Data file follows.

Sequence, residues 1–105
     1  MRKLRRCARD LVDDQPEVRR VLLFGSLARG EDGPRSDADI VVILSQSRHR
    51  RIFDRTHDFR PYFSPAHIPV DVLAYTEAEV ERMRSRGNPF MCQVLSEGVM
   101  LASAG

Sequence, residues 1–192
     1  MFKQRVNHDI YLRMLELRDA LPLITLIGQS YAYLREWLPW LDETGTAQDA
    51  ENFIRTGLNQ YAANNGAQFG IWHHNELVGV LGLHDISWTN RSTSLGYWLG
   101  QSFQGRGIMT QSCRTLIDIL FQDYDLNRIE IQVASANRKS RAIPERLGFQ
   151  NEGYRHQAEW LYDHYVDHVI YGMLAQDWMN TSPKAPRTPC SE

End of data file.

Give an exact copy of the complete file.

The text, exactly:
Sequence, residues 1–105
     1  MRKLRRCARD LVDDQPEVRR VLLFGSLARG EDGPRSDADI VVILSQSRHR
    51  RIFDRTHDFR PYFSPAHIPV DVLAYTEAEV ERMRSRGNPF MCQVLSEGVM
   101  LASAG

Sequence, residues 1–192
     1  MFKQRVNHDI YLRMLELRDA LPLITLIGQS YAYLREWLPW LDETGTAQDA
    51  ENFIRTGLNQ YAANNGAQFG IWHHNELVGV LGLHDISWTN RSTSLGYWLG
   101  QSFQGRGIMT QSCRTLIDIL FQDYDLNRIE IQVASANRKS RAIPERLGFQ
   151  NEGYRHQAEW LYDHYVDHVI YGMLAQDWMN TSPKAPRTPC SE